Janie on the Moor
One morning for recreation as I roamed by the seaside
The hills all were covered with flowers bedecked with pride.
I spied a handsome fair maid as she roamed along the shore;
Like roses blooming were the cheeks of Janie on the Moor.
Said I, "My handsome fair maid, why thou so early rise?"
"'Tis for to breathe the morning air while the larks are in the skies;
I love to roam the beach alone where loud the billows roar,
That make the bosom of the deep," cried Janie on the Moor.
We both sat down together on yonder mossy side.
Said I, "My handsome fair maid, I will make you my bride.
I have both gold and silver brought from some foreign shore,
And with me you may tarry, dear Janie on the Moor."
"I have a true love of my own, long since he's gone from me,
But with pleasure I'll wait on him till he'll return from sea.
I'll wait for him without a doubt till he'll return on shore.
We'll join our hands in wedlock bands," cried Janie on the Moor.
"If your true love was a sailor pray tell to me your name."
"His name was Dennis Ryan, from New York town he came;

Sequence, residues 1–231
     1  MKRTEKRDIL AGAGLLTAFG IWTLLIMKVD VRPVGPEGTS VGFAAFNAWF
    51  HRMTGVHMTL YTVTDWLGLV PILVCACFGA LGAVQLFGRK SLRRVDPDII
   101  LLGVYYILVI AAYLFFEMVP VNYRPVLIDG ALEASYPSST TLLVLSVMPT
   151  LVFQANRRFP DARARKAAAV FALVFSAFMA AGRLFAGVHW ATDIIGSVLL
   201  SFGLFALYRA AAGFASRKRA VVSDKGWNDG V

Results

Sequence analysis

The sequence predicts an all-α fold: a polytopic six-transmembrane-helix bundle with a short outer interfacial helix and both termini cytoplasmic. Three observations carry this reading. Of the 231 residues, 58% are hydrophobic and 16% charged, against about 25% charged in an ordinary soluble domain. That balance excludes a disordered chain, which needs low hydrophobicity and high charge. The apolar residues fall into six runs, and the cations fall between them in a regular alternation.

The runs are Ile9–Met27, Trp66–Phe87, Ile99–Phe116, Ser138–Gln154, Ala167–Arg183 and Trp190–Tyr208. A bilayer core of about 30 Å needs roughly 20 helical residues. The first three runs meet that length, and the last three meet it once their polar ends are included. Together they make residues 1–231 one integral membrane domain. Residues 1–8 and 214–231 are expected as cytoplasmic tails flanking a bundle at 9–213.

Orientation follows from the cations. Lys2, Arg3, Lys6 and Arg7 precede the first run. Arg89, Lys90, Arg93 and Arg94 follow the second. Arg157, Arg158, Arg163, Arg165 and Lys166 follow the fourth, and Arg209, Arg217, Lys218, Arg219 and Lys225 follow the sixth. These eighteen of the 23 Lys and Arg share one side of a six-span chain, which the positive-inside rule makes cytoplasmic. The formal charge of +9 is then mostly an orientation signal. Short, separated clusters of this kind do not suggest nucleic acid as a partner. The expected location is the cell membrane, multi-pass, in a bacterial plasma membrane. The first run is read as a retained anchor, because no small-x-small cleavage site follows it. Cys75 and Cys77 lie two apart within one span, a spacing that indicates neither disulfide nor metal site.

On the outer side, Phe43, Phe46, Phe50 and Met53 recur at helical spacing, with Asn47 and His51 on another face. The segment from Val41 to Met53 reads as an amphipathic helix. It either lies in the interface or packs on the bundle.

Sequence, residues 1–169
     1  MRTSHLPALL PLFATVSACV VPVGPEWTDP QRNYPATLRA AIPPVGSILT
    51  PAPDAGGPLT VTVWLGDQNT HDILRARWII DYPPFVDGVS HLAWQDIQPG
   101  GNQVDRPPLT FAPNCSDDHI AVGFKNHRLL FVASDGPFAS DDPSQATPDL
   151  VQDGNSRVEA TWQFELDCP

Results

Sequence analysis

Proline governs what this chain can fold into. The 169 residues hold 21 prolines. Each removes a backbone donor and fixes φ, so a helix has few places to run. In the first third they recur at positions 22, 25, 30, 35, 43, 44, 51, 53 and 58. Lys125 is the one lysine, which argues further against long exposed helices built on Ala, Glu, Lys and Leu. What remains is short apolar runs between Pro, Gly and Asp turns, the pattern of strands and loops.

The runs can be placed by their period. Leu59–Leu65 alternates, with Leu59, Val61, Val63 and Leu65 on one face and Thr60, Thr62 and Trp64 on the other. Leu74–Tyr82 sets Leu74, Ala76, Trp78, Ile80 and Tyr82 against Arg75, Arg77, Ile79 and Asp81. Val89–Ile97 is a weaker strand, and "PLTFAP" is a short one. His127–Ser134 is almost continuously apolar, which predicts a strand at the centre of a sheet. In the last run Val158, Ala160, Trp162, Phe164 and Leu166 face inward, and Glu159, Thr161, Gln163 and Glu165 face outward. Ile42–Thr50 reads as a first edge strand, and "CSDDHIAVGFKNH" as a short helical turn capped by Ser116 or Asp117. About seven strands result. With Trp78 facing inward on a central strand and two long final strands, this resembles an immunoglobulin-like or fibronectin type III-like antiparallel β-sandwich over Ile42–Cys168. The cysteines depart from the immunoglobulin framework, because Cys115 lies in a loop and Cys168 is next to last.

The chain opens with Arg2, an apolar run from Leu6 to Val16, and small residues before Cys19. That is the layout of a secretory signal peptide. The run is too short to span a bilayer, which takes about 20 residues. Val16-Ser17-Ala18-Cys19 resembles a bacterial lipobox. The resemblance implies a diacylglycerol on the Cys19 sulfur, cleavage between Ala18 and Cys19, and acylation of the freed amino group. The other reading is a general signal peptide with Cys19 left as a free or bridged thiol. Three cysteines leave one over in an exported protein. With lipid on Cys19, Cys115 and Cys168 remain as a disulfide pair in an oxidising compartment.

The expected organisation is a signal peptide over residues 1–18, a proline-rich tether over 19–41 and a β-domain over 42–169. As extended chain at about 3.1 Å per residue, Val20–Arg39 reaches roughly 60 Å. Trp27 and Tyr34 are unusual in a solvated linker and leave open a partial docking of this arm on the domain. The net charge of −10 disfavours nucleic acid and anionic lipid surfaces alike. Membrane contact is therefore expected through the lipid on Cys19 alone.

But with pleasure I'll wait on him till he returns on shore,
And we'll join our hands in wedlock bands," cried Janie on the Moor.
"If your true love was a sailor I know the young man well.
He was in the battle at Vendons Town, by an angry ball he fell.
Here is a token of true love which he on his finger wore."
She fell a fainting in his arms, dear Janie on the Moor.
When he saw she was tender-hearted, "Behold, my love," he cried,
"This is your Dennis Ryan a standing by your side!
So come and we'll get married and be happy evermore.
We'll join our hands in wedlock bands, dear Janie on the Moor."
From Ballads and Sea Songs from Nova Scotia, Mackenzie
Collected from Mrs. James Campbell